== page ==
The years of occupancy at the Union by a professional company did not spell the demise of student theatre. In fact, during this period student activities in the theatrical arts blossomed and many diverse talents found their fledgling wings within student productions. Luminaries such as Graeme Blundell, Peter Corrigan and Sue Natress were all active within the scene at this time. In fact many student writers and performers from this time subsequently became established at La Mama as the Australian Performing Group.

During the 1960’s an increasing number of new Australian works were performed at the University and many new writers were able to gain valuable experience in this setting. In the mid – 1960’s Tin Alley Players produced The Indecent Exposure of Anthony East, David Williamson’s first full-length play. Another group premiered Jack Hibberd’s White With Wire Wheels, and in the early 1970’s the Melbourne State College Drama department worked on the musical Aeffluence with young writer Louis Nowra. This musical used over 160 staff and students and was described as ‘musical cosmorama’.

By the beginning of the 1970’s, many of the old groups had either folded or merged. The Marlowe Society and Melbourne University Dramatic Club (MUDC) merged to form Melbourne University Student Theatre (MUST). At the same time the college plays and faculty revues continued to flourish, and many comic talents such as Rod Quantock and Steve Vizard cut their performance teeth in revues such as The Architecture Revue and The Law Revue, later known as the Legal Joke Subcommittee. These revues proved to be an important stepping stone for many talented students who went on to careers in film and television. In many cases students who teamed up to write and produce these shows continued to work together on television shows. Almost all of the D-Generation team performed together at the University, as did actors and writers from The Comedy Company and The Late Show.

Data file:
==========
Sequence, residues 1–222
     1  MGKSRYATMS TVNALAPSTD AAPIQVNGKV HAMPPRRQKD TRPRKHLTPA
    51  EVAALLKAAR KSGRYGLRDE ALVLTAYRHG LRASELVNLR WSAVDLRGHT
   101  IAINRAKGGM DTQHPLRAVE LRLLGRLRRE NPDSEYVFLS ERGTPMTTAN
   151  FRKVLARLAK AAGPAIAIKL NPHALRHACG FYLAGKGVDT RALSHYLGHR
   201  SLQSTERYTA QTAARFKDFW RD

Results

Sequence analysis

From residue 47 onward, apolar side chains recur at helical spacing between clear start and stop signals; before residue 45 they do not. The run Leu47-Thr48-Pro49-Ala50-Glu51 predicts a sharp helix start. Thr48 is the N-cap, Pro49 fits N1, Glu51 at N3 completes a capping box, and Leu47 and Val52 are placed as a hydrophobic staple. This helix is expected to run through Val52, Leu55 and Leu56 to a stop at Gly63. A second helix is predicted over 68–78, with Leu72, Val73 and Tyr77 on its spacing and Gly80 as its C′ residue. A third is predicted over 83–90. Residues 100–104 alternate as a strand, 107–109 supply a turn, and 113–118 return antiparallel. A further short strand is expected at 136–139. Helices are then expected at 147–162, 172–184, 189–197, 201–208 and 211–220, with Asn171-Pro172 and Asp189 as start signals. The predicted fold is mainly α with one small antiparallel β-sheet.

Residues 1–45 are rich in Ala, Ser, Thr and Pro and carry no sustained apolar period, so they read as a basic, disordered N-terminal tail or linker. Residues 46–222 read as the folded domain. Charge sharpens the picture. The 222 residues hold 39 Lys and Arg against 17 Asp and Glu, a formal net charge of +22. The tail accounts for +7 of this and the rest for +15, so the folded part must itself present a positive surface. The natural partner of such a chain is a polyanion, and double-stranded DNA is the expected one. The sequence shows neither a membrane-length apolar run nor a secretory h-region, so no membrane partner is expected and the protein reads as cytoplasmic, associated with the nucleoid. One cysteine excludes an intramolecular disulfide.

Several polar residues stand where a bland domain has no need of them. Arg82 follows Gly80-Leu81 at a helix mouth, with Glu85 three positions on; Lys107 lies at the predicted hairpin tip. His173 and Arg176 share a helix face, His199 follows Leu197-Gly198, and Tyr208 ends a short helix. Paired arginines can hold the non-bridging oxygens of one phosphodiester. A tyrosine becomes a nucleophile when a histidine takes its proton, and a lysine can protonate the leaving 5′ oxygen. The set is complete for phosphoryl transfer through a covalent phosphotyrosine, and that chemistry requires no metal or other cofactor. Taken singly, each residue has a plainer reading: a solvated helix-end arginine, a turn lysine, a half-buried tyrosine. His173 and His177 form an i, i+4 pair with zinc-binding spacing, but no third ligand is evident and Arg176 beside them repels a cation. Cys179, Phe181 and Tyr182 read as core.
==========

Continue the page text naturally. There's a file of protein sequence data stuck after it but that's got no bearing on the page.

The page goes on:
By the 1980’s, with the appointment of a Union Theatre Department Artistic director, theatre at the University found a sort of unity and common purpose. Artistic directors such as Ewa Czajor, Rose Myers, Kim Hanna and Jane Woollard each assisted the student population to produce theatre works of innovation and experimentation.

At present there are around 30 affiliated theatre groups on campus. These include the Chinese Theatre Group, Chinese Music Group, Flare Dance Ensemble,  Medleys (who produce the Medical Faculty’s revue), Melbourne University Shakespeare Company, the University of Melbourne Music Theatre Association (UMMTA) and a number of College based companies. Groups such as these provide a unique opportunity for students to grow and develop creative skills in a collaborative environment.

The arts scene on campus is supported and fostered in a number of ways. The Theatre Board meets monthly to assess applications from affiliated theatre groups for the underwriting of shows, with support up to the value of $1500 being offered. Union House Theatre provides professional support for students in all aspects related to theatre and dance. Staffed by six industry professionals from artistic, administrative and technical backgrounds, UHT aims to facilitate the creation of work by students. Aside from producing two theatre shows each year, it runs a number of heavily subsidised professional development workshops.

The most dynamic initiative on campus would have to be Mudfest, a biannual multi-arts festival that celebrates the artistic and cultural life of emerging student artists. Mudfest began in 1990 and continues to act as a showcase of student work in theatre, dance, music, and literature and visual arts.